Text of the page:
The Upper Crust

So that inauguration doesn’t become a ritual (II)


With Uche Nnadozie

Ladies and gentlemen President Muhammadu Buhari has disappointed me
already. He didn’t make any appointment whatsoever before the weekend
as I had envisaged. Up till the time of going to press he is yet to
say anything about his second term. Instead barely 24 hours after his
inauguration, the president was off to Saudi Arabia. It is a session
for the Organization of Islamic Cooperation, OIC. People have bantered
over the desirability or otherwise of that trip, gratefully I don’t
have anything against it. He’s not on holiday. And as if member states
of the council are eager to reward our leader’s faith, they have
graciously agreed to help us recharge the Chad Lake. The lake was a
source of livelihood to about 30 million people. Now it has shrunk to
less than 10 percent of its original size, sending folks who hitherto
fed from its belly into the dangerous embrace of Boko Haram,
endangering cattle business and increasing insecurity in our land.
In that same trip, unfortunately I saw the former foreign affairs
minister. Geoffrey Onyeama is on the president’s delegation. It is his
right, but that sends a bad feeling to me. It’s like these ministers
are coming back. If they are, then name them now without wasting time;
if they are not coming back then leave them at home when you travel. I
am not a fan of the former minister. I have heard that he did his best
in repositioning the operations of our foreign missions. The usual
shameful occurrence of embassy staff squabbling over operational costs
has been cut down. Also, it is difficult to ascribe any success to the
president’s foreign policy objectives without it rubbing of positively
on Mr. Onyeama. Yet I don’t like him. He didn’t come through when we
needed him most. Rather it was the then special assistant to the
president on diaspora affairs that spoke up and engaged with our
diaspora population and their host countries whenever issues of
discord arose. One cannot point to any policy document that he
prepared that guided the attainment of our interactions in the
international system.
There is yet another man I wish do not return to public life! he is
the former minister of Internal Affairs. The former army general who
rose to become chief of Army staff is also an intellectual who has a
PhD in criminology. His personal capacity has not translated to
anything. He is best remembered for announcing public holidays. I also
recall when his military orderly had to polish and burnish his shoes
in a public function as he pushed out his feet. What a man! While in
office he caught a forlorn fellow, very uncharacteristically passive
and always missing on his job. Police was added to his ministry as the
supervisor but I doubt if he ever visited the Police headquarters or
any of their state commands. He had no response to all the challenges
we had or have in our internal affairs. Immigration remained it has
always been. Ditto the Civil Defence Corp. He was consistently absent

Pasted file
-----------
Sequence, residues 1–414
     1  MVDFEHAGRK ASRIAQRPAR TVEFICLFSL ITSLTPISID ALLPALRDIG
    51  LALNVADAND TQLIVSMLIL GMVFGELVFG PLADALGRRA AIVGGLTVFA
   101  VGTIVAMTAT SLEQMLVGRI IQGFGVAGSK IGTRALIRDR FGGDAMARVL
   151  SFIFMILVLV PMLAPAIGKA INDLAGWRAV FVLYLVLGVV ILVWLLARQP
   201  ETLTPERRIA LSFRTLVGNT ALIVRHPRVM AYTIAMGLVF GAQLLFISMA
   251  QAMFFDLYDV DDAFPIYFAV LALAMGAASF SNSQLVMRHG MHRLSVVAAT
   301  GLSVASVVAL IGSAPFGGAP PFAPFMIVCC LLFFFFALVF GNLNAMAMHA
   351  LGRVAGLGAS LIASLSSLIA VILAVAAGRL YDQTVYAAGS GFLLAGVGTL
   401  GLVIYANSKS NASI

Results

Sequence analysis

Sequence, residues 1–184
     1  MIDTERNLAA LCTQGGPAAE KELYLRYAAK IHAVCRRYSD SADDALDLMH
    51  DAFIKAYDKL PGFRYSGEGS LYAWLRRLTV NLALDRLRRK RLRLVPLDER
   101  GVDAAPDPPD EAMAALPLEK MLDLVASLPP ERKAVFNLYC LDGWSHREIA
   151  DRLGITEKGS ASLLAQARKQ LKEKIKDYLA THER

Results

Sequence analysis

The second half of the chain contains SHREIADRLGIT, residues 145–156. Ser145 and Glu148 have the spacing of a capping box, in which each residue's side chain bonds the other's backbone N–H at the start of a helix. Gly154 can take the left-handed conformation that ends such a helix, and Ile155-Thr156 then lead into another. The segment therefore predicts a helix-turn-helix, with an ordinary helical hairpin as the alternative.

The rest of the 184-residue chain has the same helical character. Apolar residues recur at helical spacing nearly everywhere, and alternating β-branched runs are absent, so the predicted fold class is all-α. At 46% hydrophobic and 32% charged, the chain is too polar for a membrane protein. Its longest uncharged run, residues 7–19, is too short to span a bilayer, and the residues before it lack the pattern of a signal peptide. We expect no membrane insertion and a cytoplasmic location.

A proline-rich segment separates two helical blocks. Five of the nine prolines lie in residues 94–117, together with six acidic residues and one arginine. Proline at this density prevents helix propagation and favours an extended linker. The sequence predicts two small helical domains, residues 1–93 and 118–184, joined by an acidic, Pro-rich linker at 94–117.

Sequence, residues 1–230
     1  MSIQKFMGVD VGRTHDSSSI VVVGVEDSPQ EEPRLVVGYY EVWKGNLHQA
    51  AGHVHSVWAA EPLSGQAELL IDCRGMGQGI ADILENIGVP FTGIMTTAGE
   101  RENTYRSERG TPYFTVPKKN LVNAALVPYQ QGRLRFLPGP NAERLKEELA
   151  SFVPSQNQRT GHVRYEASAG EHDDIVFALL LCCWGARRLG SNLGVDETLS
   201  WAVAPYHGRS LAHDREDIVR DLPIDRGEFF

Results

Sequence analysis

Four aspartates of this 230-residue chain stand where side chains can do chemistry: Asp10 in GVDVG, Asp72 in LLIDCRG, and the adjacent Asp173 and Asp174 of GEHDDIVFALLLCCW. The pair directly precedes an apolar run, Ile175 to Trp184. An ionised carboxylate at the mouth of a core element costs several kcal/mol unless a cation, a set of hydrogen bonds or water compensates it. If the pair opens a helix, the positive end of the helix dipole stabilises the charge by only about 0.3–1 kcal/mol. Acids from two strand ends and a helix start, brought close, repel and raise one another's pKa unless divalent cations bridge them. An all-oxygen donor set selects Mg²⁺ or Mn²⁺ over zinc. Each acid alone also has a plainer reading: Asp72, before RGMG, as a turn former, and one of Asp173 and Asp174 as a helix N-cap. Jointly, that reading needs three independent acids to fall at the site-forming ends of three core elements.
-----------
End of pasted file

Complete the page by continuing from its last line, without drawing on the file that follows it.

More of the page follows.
at major flashpoints and never brought people together to engage in
order to resolve social problems. He was simply lost in all areas of
our internal affairs except of course declaring public holidays. He’s
was a wasted tenure and PMB will incur my disappointment if the man
ever finds his way to any public office.
Another on is the former minister of Sports. Clearly Solomon Dalung
was bereft of any iota of solomonic blessing. He was simply a clown
bestriding our sports firmament. He didn’t understand sports
management and didn’t care to do. He cared more about his childish
tantrums against associations or personages within the sports circle.
He also cared about something else: his people’s culture, as he
identified with them by his regular appearance in their traditional
costume. The beret adorning man was not shy of the essence of his
“comradian” appearance. I don’t know the correlation, and he didn’t
exhibit any attribute of those used to wearing berets. Dalung was more
excited about his appointment than his work. It appears he spent more
time hallucinating about his unmerited status than developing a
bankable document on sports development. His coming into the Buhari
cabinet after the president had contested and lost elections three
times earlier than 2015 did not march the picture of what I expected.
To think that the man stayed on his job till the end confirms how weak
the president is when it comes to demanding work progress from his
In his first four years, the president has shown that he is such a
loyal person. But what I don’t know is if his cabinet members were as
loyal to him. His idea may have been to give people the chance and
enough rope to roll on. However the result is not as rosy. He should
have set examples but he didn’t. The former police chief did not obey
presidential orders. The president confessed in Benue state that
former IGP Idris didn’t stay in the state when he asked him to. Buhari
did not do anything to the man. Today, the president issued an order
to tanker drivers in Lagos over the traffic hell in Apapa. I’m not
sure that order has been obeyed yet the country carries on. This is
appaling. We can’t possibly continue this way. It is dangerous and
this is not the Buhari I supported. As a disciplined man, I expect
this characteristic to trickle down. There must be consequences when
people fail to obey presidential directives or orders.
In the spirit of his new tenure, I implore the president to release
the leader of the Islamic Movement of Nigeria, IMN, even if with
conditions. The same should be extended to former NSA Dasuki.
Releasing them should have nothing to do with their trial. We have to
renew the land.

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